Be your own barista! How to brew pour over coffee at home.
Ok, first up: what is pour over? Yes, it sounds pretty straight forward (in that yes you do pour water over your grounds), but actually there’s a lot of history and reason behind it. So let’s dive straight in...
No machine. No cords. No flashing lights. No BEEEEEEPS. With this brewing method, it’s all about manual work (well, a little). This hands-on method of coffee brewing gives you the chance to get in tune with what you’re brewing (and be a little bit proud of what you can create, too!).
Back in the 1900s, a German woman called Amalie Auguste Melitta Bentz was unhappy with the taste of percolator coffee and the grounds left in her cup (who can blame her!) So, she started on a mission to make prototype brewing methods and dreamed up a technique using blotting paper. In 1908, she filed for a patent and after a few years of improvements (notably a cone-shaped filter and a cone-shaped dripper), the rest is history.
There are three main types of pour over coffee brewing methods. First up: one that requires a bit of time and patience...
The Chemex Coffeemaker was created in 1941 by Peter Schlumbohm. The shape was inspired by an Erlenmeyer flask using non-porous glass (plastic equivalents develop cracks and fissures over time which can house mineral deposits affecting the overall flavour).
The Chemex coffee brewing method sees the water pass through a bed of coffee and a filter (which is usually made out of paper and is therefore not reusable). Making for a really clean cup of coffee, this method uses filters that are 20-30% heavier than others, eliminating unwanted fats or oils, resulting in a clean, pure, flavourful cup of coffee without bitterness or sediment.
Yes, it takes some time. It’s not one for those in a rush in the morning, as you need to have patience whilst the water drips through the thick filter. But for us, it’s worth it.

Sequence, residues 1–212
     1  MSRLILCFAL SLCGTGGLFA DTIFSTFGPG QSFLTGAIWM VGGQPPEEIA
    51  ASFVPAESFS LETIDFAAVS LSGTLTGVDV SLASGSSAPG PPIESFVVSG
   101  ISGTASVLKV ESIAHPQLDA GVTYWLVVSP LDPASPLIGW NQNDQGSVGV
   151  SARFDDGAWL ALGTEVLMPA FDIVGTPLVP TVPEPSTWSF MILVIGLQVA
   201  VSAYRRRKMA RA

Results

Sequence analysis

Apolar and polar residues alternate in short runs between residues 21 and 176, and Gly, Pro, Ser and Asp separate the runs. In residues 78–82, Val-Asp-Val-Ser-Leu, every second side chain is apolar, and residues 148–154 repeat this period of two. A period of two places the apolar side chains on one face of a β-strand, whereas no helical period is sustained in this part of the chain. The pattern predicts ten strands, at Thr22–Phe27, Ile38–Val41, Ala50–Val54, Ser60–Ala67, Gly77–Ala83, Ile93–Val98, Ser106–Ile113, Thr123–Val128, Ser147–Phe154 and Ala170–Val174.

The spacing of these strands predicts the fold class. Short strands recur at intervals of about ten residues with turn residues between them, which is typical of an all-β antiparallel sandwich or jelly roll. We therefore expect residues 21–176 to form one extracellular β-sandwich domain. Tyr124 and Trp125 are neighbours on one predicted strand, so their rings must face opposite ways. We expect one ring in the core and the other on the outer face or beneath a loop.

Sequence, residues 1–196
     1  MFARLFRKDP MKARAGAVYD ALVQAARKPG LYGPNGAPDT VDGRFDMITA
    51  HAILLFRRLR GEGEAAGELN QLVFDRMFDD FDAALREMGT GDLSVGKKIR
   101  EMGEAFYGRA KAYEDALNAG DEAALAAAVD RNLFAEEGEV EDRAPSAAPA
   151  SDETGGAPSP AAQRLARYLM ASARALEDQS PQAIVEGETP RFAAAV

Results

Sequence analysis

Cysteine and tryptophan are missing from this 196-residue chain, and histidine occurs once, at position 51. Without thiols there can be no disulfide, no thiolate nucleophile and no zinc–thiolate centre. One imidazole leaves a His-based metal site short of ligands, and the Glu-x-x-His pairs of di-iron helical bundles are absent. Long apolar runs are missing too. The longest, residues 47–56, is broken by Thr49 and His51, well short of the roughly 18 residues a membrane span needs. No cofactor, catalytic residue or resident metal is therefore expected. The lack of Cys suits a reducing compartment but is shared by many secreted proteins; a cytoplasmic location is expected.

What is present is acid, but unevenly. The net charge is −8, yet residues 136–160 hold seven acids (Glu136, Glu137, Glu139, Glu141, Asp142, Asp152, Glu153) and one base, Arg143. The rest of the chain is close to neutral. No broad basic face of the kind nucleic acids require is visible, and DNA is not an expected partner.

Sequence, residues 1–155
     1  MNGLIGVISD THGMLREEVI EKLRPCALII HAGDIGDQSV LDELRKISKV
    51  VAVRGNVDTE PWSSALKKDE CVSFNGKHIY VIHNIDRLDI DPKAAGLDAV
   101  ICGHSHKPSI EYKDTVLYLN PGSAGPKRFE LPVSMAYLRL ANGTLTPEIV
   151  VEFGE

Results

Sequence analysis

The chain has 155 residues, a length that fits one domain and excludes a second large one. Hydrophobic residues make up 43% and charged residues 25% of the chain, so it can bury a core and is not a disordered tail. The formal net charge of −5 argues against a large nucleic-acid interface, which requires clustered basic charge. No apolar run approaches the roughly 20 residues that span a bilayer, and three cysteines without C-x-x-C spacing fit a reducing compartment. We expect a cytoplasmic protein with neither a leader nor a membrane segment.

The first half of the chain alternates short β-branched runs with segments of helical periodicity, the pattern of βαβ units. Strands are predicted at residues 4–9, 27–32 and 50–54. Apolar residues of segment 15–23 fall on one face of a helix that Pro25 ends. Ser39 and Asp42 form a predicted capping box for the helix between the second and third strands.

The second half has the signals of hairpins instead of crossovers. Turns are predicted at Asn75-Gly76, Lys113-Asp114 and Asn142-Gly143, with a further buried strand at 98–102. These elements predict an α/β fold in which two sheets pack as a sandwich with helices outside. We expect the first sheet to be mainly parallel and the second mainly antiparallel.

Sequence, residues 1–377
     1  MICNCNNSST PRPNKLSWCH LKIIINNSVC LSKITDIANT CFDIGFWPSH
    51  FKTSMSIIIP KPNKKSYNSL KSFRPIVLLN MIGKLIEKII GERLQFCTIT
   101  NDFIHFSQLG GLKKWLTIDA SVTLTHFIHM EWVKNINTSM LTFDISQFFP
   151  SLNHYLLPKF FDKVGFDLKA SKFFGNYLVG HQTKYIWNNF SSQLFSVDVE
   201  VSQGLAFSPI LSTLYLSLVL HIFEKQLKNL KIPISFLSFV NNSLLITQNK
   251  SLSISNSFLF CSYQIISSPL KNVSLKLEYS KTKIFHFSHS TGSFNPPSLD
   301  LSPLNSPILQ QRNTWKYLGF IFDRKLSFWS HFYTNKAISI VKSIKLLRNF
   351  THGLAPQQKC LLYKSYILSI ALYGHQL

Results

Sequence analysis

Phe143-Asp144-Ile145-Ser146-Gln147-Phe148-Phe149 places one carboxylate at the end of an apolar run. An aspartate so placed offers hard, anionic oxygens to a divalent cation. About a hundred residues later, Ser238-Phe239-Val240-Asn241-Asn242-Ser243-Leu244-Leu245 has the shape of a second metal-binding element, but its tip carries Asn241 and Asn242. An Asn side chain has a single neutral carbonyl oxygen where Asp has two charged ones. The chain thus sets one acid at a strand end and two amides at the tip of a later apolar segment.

Try the Chemex coffee brewing method – we’d recommend brewed to order and as fresh as it gets! Perfect for bringing out the complexities of lighter - medium roasted, more nuanced coffees, the Chemex creates an infinitely smooth cup. Here is our recommended coffee for Chemex
This pour over coffee brewing method has one main (and very important) difference from the Chemex and V60. The Kalitta Wave uses a ribbed - or waved – filter. The bottom of the filter is flat and features not one but three extraction holes – which eliminates the channelling of water that some other pour over coffee methods can feature.
The dripper has minimal contact with the filter, meaning the temperature can stay consistent and the water is evenly saturated. It’s also not afraid of the heat, so you can put it on the stove to keep the water warm.
The Kalitta Wave produces a really crisp cup of coffee, and we’d recommend using this coffee from our collection
You may find the V60 in ceramic, glass, plastic or metal – it’s a widely available coffee brewer. Named after its v-shaped cone filter and 60-degree angle, the V60 produces a less bold coffee which is perfect to try with single origin beans.
Again, this one needs some time as the water passes through the grounds and extracts all the lovely oils and fragrances. Just be careful that you’re evenly distributing the grounds in the filter, otherwise the water may not run through it all.
The V60 is great to try with a light roast – why not try the *link to a shop product here that we recommend*
The V60 is responsive to numerous variables—more, in fact, than many other drippers on the market. This is because of three design factors:
- The cone shape (60º angle): this allows the water to flow to the centre, extending the contact time.
- A large single hole: this enables the brewer to alter the flavour by altering the speed of the water flow.
- Spiral ribs: these rise all the way to the top and allow the air to escape, thereby maximising the expansion of the coffee grounds.
So, going back to the variables, the two most important ones you can play with are grind size and water flow. If you slowly add water, the result will be a full-bodied coffee, but if you add water more quickly, it will end up with a weaker extraction and a lighter-bodied coffee.
The grind size can also affect the body. If you have a small grind size (about the size of table salt), the water won’t pass through as easily. This means that:
- Constant water flow + small grind size = medium bodied coffee
- Slow water flow + small grind size = full bodied coffee
- Constant water flow + medium grind size = light bodied coffee
- Slow water flow + medium grind size = light bodied coffee
Warning: a fine grind can lead to choking. If that happens, you need to grind more coarsely.